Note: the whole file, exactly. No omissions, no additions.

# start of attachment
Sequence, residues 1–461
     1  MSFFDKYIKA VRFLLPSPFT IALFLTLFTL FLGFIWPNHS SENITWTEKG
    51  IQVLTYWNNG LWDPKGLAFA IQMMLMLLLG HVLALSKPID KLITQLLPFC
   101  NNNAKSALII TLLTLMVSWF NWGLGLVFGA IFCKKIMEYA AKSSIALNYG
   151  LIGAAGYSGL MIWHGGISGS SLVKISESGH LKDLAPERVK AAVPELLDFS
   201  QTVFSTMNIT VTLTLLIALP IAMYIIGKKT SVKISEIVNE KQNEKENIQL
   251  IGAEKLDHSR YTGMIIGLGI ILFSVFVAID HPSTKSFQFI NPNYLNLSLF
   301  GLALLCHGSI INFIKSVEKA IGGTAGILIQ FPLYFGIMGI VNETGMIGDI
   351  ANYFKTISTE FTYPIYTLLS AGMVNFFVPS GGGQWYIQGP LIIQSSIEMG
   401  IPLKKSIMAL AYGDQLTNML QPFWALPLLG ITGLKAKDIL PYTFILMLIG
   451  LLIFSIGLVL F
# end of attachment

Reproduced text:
Sequence, residues 1–461
     1  MSFFDKYIKA VRFLLPSPFT IALFLTLFTL FLGFIWPNHS SENITWTEKG
    51  IQVLTYWNNG LWDPKGLAFA IQMMLMLLLG HVLALSKPID KLITQLLPFC
   101  NNNAKSALII TLLTLMVSWF NWGLGLVFGA IFCKKIMEYA AKSSIALNYG
   151  LIGAAGYSGL MIWHGGISGS SLVKISESGH LKDLAPERVK AAVPELLDFS
   201  QTVFSTMNIT VTLTLLIALP IAMYIIGKKT SVKISEIVNE KQNEKENIQL
   251  IGAEKLDHSR YTGMIIGLGI ILFSVFVAID HPSTKSFQFI NPNYLNLSLF
   301  GLALLCHGSI INFIKSVEKA IGGTAGILIQ FPLYFGIMGI VNETGMIGDI
   351  ANYFKTISTE FTYPIYTLLS AGMVNFFVPS GGGQWYIQGP LIIQSSIEMG
   401  IPLKKSIMAL AYGDQLTNML QPFWALPLLG ITGLKAKDIL PYTFILMLIG
   451  LLIFSIGLVL F